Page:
So to win on a track like that in dominant style was important for all of us. It was important for another reason: we were going for the championship. People forget that if Jacques Villeneuve Sr. hadn't taken me out at Sanair, we would have won the championship in '85. We were very competitive and on pole for seven races that year, so to win at Mid-Ohio made for a dream weekend.
Getting the same result a year later (ABOVE) was altogether more poignant. Cancer had taken Jim just after we won the Indy 500, Mid-Ohio was the Truesports track, obviously, and all of us lived in Columbus, just an hour away. It was a very partisan crowd, as it was throughout my career, and there wasn't anybody in the paddock who didn't like Jim, and who didn't wish us a fabulous season after he passed away. He was just a compelling figure.
Jim had been new to IndyCar racing in '81, but he played such a huge role at Mid-Ohio and he had this strong relationship with Leo Mehl at Goodyear, to the extent that Leo recommended to Ferrari that Truesports should be their team when Ferrari got into the idea of entering the IndyCar series. So Jim's presence and influence in racing in general and IndyCar racing in particular had really grown quickly and hugely. I often wonder if he could have been the sane voice, the balanced individual, the saving grace, who might have prevented the split in U.S. open-wheel racing.
So that '86 win at Mid-Ohio was a form of tribute to him. It was an exclamation point for everything he'd done for all of us at Truesports, everything he'd done for IndyCar racing, and everything he'd done at Mid-Ohio.
Naturally enough, another strong memory for me is my final IndyCar race at Mid-Ohio, back in 1998. The whole weekend was pretty special. There was a huge billboard on top of the grass bank at the Keyhole and it said, “Thank You, Bobby” and there were pictures of my helmet design put on sticks, and whenever I came past, there were people waving those in all the spectator areas. There had been a lot of promotion going on locally about this being my last time there as a driver, and so there was a huge crowd.
As I recall, we didn't have a very good qualifying session, so we started only mid-pack, but through the race we worked our way up to third. For the last 20 laps or so, we had a good fight with Adrian Fernandez and Scott Pruett nose to tail. It was a very demanding race, and here I was at 45 years old being able to race these guys who were…well, a lot younger! So, although I would love to have won, I got a lot of satisfaction from reaching the podium, and beating some of the guys we beat that day [including Paul Tracy, Al Unser Jr., Carpentier and Tony Kanaan]. That felt pretty good after a very hot, very demanding, typical Mid-Ohio race day.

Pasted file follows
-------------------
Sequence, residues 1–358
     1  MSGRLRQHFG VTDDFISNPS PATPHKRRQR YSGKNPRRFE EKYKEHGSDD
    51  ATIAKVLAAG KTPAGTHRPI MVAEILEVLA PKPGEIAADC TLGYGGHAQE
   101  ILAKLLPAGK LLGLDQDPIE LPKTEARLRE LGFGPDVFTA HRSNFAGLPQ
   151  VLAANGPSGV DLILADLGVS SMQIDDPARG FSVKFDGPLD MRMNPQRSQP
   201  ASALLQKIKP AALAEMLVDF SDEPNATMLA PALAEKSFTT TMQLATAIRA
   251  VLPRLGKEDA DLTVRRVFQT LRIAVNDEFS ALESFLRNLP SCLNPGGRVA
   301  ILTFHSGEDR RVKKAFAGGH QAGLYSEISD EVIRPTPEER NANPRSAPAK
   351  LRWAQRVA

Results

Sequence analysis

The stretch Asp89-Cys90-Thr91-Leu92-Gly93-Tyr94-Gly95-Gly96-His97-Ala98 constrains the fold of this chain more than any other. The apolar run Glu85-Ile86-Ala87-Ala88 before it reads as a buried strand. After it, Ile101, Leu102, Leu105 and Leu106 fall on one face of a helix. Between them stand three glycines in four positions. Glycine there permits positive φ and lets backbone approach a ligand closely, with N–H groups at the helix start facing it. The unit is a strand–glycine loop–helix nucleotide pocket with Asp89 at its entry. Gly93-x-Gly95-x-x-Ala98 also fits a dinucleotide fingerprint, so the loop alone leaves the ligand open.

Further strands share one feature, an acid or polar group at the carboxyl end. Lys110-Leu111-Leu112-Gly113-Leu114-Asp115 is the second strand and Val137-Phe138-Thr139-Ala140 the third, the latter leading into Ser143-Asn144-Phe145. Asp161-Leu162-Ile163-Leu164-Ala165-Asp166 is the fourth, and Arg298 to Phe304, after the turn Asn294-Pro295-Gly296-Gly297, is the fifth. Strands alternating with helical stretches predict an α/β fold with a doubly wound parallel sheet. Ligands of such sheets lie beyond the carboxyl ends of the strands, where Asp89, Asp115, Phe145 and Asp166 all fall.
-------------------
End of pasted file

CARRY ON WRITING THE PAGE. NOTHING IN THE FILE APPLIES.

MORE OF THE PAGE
It would be very special to see Graham win there. I mean, to be honest, I'll take any win, but for us as a family, there is a lot of history at Mid-Ohio, not just for me. Graham watched me race there a lot – actually, he used to come and hang out even when I was just testing – and he won the SCCA National Championship there, too. He probably knows every square inch of the place, he has a strong following there and he's been very competitive there, so I'd say he'd regard a win there as extra special – as would the crowd!
The crowd at Mid-Ohio is excellent – lots of passion, lots of knowledge – so it's great they have this impressive weekend of racing with the IZOD IndyCar Series and the American Le Mans Series on the same bill. The place is a natural amphitheater, so on the banks that Jim put in, the grandstands on the back straight that he put in, and again at the Keyhole, the atmosphere is very special. Mid-Ohio was built for people who enjoy watching races, and they show that appreciation by attending in good numbers and being strong advocates of the track. Even at the height of CART, I don't remember as many people on the hillsides as we saw last year at the IndyCar/ALMS event. It's a very loyal and strong spectator base from which to pull, and there's no doubt that people enjoy going there, because there are a lot of repeat customers.
But even aside from that marquee event, it's just a very popular venue, period, and you can see that even in events that aren't necessarily professional. Go to the Historic race in June, for example, and you'll see a pretty reasonable crowd. There's just real loyalty from the local fans, and it's not surprising. Mid-Ohio has a real allure.
Next week: The story of the track.
For more on the Mid-Ohio Sports Car Course and its 50th season of racing, visit the official website at MidOhio.com.
Coming up Aug. 5-7 in an action-packed 2011 schedule is a double-header starring the IZOD IndyCar Series and American Le Mans Series. To purchase weekend or single-day tickets for the Mid-Ohio Sports Car Challenge/Honda Indy 200, CLICK HERE.
Sept. 16-18, the Grand-Am Rolex Series takes center stage with the EMCO Gears Classic presented by KeyBank. For tickets, CLICK HERE.